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A 30-acre property north of Williams, previously known as Flintstones Bedrock City, was officially purchased Jan. 31 and will be replaced with Raptor Ranch: Birds of Prey park.

Raptor Ranch co-founder Ron Brown declined to give specific figures, but said the property was purchased for less than Bedrock City's $2 million listing price from 2015.

Brown and Troy Morris, Raptor Ranch's other co-founder, met through falconry about 20 years ago and partnered to make Morris’ dream a reality 10 years ago. Falconry is the sport of hunting wild animals, such as squirrels and rabbits, in their natural habitat using a trained predator bird.

“Our idea was not only to entertain people, but also use the sport of falconry and our knowledge of nature and natural habitats to educate people on our natural world,” Brown said. “Tourists that are coming here [are] looking to explore nature -- they’re not coming here to ride a roller coaster ride.”

Morris said they are planning to open the campground with some bird demonstrations during the summer. However, building the site will take 24 months to complete. Brown said the goal is to have 30 new jobs when construction is finished.

The original Flintstones structures are still intact and on display. Brown said they want to be sensitive and give the public one more opportunity to see Bedrock City.

“Some of those things are going to ultimately remain, like the brontosaurus slide is going to be incorporated around the children’s playground,” Morris said. “There’s a few small pieces that will be encapsulated in time here, but most of it will go away.”

Approximately 30 miles south of Raptor Ranch is the Bearizona Wildlife Park, another animal-based attraction. While Raptor Ranch and Bearizona are close in proximity, Morris and Brown are not concerned about visitor competition.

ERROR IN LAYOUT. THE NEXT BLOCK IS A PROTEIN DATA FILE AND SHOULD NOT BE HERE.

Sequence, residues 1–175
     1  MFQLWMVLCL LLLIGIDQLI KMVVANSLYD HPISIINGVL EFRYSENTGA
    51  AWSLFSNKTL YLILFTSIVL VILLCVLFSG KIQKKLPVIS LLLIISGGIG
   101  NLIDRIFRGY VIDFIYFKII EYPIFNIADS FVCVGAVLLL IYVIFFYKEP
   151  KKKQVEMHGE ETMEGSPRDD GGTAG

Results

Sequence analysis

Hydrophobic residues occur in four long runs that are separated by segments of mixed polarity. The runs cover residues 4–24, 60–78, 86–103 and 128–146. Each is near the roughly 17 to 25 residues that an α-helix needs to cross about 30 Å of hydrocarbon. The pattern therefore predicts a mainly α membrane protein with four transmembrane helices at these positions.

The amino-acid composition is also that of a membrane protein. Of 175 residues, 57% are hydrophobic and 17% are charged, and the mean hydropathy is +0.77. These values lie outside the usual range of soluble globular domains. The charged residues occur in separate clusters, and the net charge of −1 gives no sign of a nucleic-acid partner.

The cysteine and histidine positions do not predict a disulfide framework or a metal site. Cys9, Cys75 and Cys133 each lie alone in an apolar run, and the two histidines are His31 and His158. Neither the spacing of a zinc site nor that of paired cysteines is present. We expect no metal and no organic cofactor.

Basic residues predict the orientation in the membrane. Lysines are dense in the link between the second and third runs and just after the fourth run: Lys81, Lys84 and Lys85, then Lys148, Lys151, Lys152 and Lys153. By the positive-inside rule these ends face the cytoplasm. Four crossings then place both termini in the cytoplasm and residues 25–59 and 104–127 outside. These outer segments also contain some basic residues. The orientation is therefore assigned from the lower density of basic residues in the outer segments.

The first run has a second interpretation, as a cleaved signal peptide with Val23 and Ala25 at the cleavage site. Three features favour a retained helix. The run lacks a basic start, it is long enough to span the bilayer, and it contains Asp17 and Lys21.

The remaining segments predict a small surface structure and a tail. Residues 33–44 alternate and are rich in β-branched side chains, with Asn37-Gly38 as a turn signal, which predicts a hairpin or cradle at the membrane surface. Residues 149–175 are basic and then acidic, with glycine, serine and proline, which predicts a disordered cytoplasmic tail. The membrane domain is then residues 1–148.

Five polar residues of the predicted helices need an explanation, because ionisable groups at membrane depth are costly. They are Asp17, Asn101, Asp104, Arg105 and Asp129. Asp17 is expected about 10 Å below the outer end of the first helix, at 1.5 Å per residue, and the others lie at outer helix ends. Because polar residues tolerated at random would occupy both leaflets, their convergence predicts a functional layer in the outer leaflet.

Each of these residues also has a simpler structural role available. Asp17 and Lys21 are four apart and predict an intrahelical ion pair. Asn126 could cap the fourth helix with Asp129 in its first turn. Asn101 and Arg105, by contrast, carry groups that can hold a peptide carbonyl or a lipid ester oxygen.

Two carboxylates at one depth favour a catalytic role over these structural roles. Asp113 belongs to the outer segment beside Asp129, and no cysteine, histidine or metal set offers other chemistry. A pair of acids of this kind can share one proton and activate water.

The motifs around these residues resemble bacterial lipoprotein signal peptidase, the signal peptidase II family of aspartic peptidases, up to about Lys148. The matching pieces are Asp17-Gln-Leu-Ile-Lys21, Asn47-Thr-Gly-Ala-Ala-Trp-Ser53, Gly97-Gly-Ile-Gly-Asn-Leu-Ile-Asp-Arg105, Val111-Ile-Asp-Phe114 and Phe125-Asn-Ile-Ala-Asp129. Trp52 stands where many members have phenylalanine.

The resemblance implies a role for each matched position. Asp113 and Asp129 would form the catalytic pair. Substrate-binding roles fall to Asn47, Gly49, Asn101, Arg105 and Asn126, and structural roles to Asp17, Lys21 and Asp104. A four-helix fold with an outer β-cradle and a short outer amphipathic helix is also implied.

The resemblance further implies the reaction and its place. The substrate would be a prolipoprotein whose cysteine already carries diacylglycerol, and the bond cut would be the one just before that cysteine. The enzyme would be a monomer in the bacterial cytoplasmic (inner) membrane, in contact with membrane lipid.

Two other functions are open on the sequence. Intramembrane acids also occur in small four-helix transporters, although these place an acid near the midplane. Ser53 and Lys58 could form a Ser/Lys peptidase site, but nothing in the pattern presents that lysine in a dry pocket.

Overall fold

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“I think there is plenty of business here, so that doesn’t bother me too much,” Morris said. “There’s plenty of people going through here and much like having three or four restaurants clustered together, it kind of builds promise.”

Raptor Ranch is a predator bird park for visitors to view birds such as falcons, eagles and owls. Instead of showing birds fly from one spot to the next, Brown said Raptor Ranch will focus on demonstrating how predator birds hunt in the wild using artificial lures.

“The birds are trained and handled in such a manner that they are very safe. They are not wild birds,” Brown said. “These are birds that have almost all been bred in captivity.”

According to an Arizona Republic article, former owner Linda Speckels and her deceased husband, Francis, originally purchased the property in 1972. It officially closed in January. Bedrock City was a Flintstones-themed amusement park and campground that included a restaurant, gift shop, RV park and statues of cartoon characters.

Although Bedrock City was open for 47 years, it hasn’t been a sought-out location compared to other destinations in the area. Williams marketing representative Heather Hermen said via email that the visitor center had received requests for information and occasional directions, but Bedrock City wasn’t a draw for tourism.

“We would anticipate there will be some increased interest in Raptor Ranch and look forward to it joining the ranks as a location for people to visit in northern Arizona,” Hermen said.

The Raptor Ranch property is located at the intersection of State Route 64 and Highway 180, about 30 miles south of the Grand Canyon.

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